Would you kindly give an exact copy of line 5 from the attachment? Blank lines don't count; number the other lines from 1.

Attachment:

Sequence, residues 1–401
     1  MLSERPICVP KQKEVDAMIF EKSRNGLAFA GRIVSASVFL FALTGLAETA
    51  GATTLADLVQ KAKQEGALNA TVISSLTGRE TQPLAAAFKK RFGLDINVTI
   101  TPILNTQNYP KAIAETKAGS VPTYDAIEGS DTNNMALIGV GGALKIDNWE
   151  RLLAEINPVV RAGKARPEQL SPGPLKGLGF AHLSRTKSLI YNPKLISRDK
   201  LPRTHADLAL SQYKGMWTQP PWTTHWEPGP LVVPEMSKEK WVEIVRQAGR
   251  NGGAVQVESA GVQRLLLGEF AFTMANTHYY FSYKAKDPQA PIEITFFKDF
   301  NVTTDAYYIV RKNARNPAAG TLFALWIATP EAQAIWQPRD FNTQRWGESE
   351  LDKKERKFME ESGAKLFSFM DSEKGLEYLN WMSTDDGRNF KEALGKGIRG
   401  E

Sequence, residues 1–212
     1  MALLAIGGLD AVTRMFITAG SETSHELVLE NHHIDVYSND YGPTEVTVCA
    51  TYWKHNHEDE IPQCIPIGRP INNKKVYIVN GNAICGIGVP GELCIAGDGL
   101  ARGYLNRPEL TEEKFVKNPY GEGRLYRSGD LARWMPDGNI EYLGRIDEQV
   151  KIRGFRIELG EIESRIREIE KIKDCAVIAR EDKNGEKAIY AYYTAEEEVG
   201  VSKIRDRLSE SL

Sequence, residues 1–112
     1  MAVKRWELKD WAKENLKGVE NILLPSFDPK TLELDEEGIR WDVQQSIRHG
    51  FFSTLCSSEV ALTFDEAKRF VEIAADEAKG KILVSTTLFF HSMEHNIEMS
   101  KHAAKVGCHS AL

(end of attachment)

   151  RLLAEINPVV RAGKARPEQL SPGPLKGLGF AHLSRTKSLI YNPKLISRDK